Ms Mills: I have not personally been part of those discussions but obviously I have been party, with the other House departments, to providing advice to the Presiding Officers on the issues connected with FOI. If I may, I will give you my own department's point of view. I heard part of what the Clerk of the Senate said this morning about the importance of transparency on administrative matters and I certainly strongly support that. We have received seven FOI requests since the decision in May this year, I believe it was, to cover us through FOI. Of those seven, two are still in train, four were requests for material not held by the department and one was for an item we were happy to provide—a personnel file which could actually have been asked for through other processes.
Our approach is that we are very strongly supportive. I believe our department should be transparent. I believe that, where we utilise taxpayers' money, that should be the case. But I also recognise the complexities, particularly in the parliamentary environment, of some of the material, as well as some of the reasons behind the consideration of exemptions.
Senator RHIANNON: You have spelled out there not only how supportive you are of it but also the complexities of it. You also made reference to some of the earlier questioning on this issue. I think the theme—maybe it is a way to sum it up—is that there is a commitment to support the spirit of the openness and the transparency but possibly some concerns about the legislation covering it. Wouldn't it be appropriate, though, for the law to cover the departments, particularly at a time when—I think we would all agree—the standing of parliament and the standing of MPs is a little bit problematic for many members of the public? Would you see that, rather than going for blanket exemptions, which seems to be the effect if we have the legislation come in to exempt departments, the departments could identify those parts which are sensitive information and apply for exemptions for those, so then the departments can be compliant with the law and equal to all other departments?
Ms Mills: I will certainly be guided by experts in the legislative arena and Attorney-General's about the best way to construct the balance between protection of necessary information and transparency. I can only comment that we will work to culturally support the concept of FOI wherever it is reasonable and possible for us to do that. I strongly support the notion that for government departments, particularly in the type of work that my department does, with the vast majority of that information it is beneficial for the community to be aware of it.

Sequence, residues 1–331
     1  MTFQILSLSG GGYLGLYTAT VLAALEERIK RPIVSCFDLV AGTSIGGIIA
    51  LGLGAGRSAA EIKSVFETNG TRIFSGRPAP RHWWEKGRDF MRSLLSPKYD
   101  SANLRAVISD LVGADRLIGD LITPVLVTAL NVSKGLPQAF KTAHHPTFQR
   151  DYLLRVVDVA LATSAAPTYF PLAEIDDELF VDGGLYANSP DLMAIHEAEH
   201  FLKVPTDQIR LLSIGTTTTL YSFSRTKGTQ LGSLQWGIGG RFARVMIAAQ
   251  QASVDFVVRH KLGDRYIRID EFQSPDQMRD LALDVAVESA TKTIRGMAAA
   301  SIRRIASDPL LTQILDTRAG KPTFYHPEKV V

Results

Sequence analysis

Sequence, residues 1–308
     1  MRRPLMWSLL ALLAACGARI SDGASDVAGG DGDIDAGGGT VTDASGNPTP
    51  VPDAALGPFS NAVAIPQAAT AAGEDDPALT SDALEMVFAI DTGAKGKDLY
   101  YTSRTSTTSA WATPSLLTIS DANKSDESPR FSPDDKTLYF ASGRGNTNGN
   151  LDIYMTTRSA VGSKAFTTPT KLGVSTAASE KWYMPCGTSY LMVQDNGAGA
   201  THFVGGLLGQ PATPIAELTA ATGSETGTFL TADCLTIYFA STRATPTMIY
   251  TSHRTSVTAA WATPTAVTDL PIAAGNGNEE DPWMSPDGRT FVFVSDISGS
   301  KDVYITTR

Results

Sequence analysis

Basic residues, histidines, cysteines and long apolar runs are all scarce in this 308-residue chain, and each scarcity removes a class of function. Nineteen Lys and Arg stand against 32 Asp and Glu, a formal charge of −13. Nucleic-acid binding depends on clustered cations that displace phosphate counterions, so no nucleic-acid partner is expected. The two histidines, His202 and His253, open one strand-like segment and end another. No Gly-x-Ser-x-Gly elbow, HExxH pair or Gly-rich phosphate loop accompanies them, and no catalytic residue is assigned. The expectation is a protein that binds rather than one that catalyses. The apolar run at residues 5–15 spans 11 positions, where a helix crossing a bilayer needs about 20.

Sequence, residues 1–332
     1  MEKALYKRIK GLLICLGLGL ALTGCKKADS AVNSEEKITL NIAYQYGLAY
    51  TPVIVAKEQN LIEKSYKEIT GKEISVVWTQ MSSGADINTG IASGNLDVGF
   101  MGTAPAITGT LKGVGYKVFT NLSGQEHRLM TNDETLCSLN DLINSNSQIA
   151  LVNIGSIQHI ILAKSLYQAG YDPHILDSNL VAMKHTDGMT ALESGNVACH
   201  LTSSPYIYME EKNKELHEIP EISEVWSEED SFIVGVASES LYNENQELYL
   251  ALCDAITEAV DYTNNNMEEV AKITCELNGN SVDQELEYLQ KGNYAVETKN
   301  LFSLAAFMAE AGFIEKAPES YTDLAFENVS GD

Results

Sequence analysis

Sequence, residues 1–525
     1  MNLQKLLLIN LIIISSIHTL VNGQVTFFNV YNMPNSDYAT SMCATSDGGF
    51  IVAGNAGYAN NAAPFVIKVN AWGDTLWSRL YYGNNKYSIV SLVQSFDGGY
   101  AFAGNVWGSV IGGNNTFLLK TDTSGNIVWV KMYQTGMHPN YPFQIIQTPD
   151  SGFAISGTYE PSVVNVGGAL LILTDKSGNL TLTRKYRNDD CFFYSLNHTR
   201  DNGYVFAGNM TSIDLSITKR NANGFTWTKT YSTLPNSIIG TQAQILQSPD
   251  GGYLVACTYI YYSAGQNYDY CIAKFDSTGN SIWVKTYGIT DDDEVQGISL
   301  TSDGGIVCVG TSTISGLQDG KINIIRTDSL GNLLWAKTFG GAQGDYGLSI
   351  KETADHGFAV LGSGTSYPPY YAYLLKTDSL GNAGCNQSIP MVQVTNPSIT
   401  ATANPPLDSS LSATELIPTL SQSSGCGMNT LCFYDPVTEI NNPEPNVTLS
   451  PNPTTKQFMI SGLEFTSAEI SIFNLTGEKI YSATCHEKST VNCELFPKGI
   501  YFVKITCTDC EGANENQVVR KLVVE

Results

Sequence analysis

The President: Not at this stage. We have not become that deeply involved at this stage. We are just waiting for the course of whatever might take place in this area to take place, and then we will give it the due consideration. But I am listening closely to the debate.
Ms Mills: We have spoken at length this morning about security. There are aspects of the work of the department that of necessity are probably exempt in some ways, even under standard FOI regulations. I would also say that the department, in my looking at our files and processes historically, even when not officially covered by FOI has made its best endeavours to act in concert with the intention of FOI throughout—
Senator FAULKNER: Yes, but current exemptions under the act would apply.
Ms Mills: Yes.
Senator RHIANNON: It is interesting to remember that back in 1996 the former Clerk, Harry Evans, was quite clear in arguing for the extension of the FOI Act to parliamentary departments. There is a developing discussion around this. You have just spoken about how important and beneficial it is for the public to have a greater understanding of how parliament works. The Scottish parliament has a lot of the administrative information online so it is readily available to the public and quite easy to search. As you have spoken about your commitment to providing this information so it is publicly accessible, is that something you have considered or would consider?
Ms Mills: I said at the beginning that one of the reasons I have unfortunately not been able to table our annual report yet is that I believe that some of the data we currently collect could be more meaningfully provided and more meaningfully interpreted for senators, members and members of the community. Certainly I will always look at good practice elsewhere as a way to explore how we can tell that message. One thing about the Department of Parliamentary Services is that a great deal of effort is focused upon supporting the operations of parliament, and it is true that many people in the community do not fully understand how parliament works and if we can contribute in some way to that then I would be very pleased to do so.